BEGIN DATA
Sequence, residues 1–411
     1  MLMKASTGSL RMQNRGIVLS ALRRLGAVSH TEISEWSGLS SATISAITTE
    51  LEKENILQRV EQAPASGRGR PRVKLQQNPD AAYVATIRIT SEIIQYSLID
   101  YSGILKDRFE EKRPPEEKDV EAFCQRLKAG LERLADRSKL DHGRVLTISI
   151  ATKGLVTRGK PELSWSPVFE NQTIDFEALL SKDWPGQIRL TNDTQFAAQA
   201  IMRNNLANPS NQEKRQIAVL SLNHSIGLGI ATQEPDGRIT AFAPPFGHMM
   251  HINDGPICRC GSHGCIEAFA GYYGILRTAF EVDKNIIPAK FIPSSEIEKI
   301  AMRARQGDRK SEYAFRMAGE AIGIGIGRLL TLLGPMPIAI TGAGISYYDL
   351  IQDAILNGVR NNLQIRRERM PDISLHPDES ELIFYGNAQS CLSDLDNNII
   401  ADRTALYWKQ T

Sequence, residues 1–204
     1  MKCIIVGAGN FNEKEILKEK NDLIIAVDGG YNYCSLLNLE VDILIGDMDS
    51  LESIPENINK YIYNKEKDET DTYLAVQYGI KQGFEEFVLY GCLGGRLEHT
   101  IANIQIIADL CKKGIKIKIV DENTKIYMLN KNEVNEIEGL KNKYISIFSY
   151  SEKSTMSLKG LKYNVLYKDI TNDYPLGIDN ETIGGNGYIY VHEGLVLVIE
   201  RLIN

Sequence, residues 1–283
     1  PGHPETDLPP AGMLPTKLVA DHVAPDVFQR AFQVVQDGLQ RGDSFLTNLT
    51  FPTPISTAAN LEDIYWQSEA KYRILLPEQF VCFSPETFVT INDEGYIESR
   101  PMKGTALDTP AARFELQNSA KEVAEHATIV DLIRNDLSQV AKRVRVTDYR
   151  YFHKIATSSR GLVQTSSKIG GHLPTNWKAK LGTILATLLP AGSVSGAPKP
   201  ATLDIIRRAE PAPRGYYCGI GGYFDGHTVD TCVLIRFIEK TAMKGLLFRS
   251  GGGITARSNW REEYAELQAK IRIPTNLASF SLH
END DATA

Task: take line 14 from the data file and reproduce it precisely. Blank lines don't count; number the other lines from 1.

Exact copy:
   101  IANIQIIADL CKKGIKIKIV DENTKIYMLN KNEVNEIEGL KNKYISIFSY